Wednesday, September 28, 2011
Call for Papers:
A Brand of Fictional Magic: Reading Harry Potter as Literature
A two day conference hosted by the School of English, University of St Andrews
17-18 May 2012, Kennedy Hall, St Andrews, Scotland
The relentless success of J. K. Rowling’s Harry Potter series (1997-2007) evokes words like phenomenon and catastrophe. With the conclusion of the film franchise and the launch of Pottermore.com, the series is receiving increased academic consideration in conferences, articles, and monographs. However, relatively little work has been done directly engaging with the series as a literary text. This conference attempts to begin redressing that lack.
Rowling’s combination of fantasy and school-story genres, her use of folkloric archetypes and mythopoeic symbolism, and her social and religious messages render the Harry Potter books a point of interest—and controversy—to scholars from a wide range of disciplines. Specifically, this conference seeks to critically explore Rowling’s concept of imaginative empathy, the ability to “learn and understand, without having experienced.” Of particular interest are ways in which the power of empathy, in addition to its being of socio-political necessity, might be read as Rowling’s “brand of fictional magic.”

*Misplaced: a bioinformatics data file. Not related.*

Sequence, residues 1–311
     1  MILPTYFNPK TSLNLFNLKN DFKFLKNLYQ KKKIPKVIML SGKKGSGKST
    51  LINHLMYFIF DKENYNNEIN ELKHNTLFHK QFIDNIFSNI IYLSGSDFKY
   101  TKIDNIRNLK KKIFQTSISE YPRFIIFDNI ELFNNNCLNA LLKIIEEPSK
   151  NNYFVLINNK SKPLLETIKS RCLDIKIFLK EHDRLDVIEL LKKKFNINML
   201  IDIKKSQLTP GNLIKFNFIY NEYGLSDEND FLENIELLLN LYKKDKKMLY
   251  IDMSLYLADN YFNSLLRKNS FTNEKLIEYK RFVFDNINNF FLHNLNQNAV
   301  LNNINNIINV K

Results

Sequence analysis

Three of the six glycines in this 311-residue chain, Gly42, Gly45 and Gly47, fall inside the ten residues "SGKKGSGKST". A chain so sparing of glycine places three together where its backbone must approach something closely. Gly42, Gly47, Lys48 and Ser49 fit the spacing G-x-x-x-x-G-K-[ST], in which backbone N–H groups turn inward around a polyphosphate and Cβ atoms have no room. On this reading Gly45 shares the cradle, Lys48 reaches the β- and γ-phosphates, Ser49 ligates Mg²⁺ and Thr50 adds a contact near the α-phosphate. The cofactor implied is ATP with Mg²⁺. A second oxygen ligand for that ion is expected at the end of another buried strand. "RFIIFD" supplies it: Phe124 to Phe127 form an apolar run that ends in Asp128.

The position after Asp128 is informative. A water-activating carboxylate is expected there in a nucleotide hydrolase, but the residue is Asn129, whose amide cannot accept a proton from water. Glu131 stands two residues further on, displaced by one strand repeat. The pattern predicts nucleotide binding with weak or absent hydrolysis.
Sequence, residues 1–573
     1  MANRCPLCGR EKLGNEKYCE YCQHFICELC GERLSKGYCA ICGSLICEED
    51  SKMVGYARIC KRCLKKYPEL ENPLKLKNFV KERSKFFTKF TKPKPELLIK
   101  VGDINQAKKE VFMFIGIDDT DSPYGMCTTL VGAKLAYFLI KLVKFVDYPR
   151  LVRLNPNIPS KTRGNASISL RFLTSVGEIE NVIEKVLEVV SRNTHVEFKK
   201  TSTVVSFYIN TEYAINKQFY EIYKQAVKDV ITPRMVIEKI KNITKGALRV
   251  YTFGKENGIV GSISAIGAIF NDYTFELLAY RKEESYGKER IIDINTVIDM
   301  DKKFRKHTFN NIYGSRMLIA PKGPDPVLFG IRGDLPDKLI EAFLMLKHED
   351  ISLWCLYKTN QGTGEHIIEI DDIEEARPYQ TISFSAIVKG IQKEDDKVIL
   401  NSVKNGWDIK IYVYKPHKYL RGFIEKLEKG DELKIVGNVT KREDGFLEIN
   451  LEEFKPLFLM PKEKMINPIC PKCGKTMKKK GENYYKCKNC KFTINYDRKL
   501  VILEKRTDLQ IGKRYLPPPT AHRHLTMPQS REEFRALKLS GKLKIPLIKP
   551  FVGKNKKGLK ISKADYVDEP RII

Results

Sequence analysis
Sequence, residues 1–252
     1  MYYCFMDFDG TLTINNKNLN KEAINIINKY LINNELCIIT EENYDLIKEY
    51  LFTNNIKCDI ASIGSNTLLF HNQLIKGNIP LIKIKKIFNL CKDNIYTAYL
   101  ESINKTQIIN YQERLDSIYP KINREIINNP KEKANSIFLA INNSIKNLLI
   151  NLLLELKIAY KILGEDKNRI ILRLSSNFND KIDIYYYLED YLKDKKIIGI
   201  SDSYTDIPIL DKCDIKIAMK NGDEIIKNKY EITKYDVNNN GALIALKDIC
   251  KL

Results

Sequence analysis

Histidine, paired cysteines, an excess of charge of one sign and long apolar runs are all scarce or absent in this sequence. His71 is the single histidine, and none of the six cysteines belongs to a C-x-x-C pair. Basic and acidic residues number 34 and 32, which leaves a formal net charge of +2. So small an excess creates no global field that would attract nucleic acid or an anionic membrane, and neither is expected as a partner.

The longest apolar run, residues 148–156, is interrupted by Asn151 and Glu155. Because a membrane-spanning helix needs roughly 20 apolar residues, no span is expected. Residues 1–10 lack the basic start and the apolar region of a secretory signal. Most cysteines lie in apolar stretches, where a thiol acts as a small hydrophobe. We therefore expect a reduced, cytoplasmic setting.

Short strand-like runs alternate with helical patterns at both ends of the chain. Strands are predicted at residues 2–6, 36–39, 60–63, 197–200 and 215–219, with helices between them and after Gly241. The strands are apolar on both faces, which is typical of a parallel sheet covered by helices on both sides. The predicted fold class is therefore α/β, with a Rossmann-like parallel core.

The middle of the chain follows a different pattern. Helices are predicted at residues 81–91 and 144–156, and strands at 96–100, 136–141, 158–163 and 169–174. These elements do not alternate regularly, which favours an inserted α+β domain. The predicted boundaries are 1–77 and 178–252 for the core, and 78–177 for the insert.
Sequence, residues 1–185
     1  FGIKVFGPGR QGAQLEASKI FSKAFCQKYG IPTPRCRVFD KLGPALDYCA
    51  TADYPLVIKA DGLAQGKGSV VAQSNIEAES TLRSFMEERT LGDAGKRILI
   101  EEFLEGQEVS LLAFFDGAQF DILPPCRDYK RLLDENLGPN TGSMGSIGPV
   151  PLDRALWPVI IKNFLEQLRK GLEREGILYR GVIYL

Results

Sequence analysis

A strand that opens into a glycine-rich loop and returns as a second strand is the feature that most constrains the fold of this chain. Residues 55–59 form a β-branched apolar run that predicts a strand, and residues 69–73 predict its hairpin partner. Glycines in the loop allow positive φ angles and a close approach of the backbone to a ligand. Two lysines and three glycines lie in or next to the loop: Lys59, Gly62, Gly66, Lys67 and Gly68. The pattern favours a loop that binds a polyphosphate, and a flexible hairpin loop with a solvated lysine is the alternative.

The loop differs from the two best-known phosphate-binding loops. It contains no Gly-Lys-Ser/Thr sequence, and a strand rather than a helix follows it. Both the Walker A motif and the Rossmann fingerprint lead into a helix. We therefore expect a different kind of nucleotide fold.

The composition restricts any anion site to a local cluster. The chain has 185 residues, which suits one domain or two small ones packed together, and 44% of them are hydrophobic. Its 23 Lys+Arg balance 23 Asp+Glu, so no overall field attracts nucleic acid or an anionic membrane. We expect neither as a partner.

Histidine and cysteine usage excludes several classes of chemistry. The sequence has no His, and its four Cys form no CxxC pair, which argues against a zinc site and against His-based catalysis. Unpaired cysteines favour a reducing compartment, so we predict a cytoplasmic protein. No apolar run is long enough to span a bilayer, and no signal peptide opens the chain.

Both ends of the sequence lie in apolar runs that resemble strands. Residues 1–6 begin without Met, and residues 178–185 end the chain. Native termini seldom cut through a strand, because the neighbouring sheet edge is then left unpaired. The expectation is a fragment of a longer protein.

We invite papers and panels that engage with the text to discuss the centrality of empathy to the economies of the creative artist. Relevant topics might include:
The poetics of empathy
Symbolic or archetypal depictions of empathy
Readings of the series as children’s or YA literature
Mythopoesis and the re-appropriation of folklore
Medievalism and depictions of the Middle Ages in the Wizarding World
Space, landscape, or architecture
Representations and uses of socialization or maturation
Depictions of education and pedagogy, empathetic or bounded
Rowling’s concepts of “mental agoraphobia” and “wilful unimagination”
Literary influences on the series
Textual or semiotic analysis of the narrative
Genre criticism, viz., Gothic, Fantasy, Fairy Tale, School Story, Dystopia, et al.
Narrative voice and authority
Political empathy, class action, or solidarity
Keynote speakers will be John Granger and Jessica Tiffin.
Papers will be 20 minutes, and may discuss any of the seven books individually or the series as a whole. Please submit a 300-word (max.) abstract in .doc, .docx., or .pdf format with a short CV to John Patrick Pazdziora (firstname.lastname@example.org) by 31 October 2011.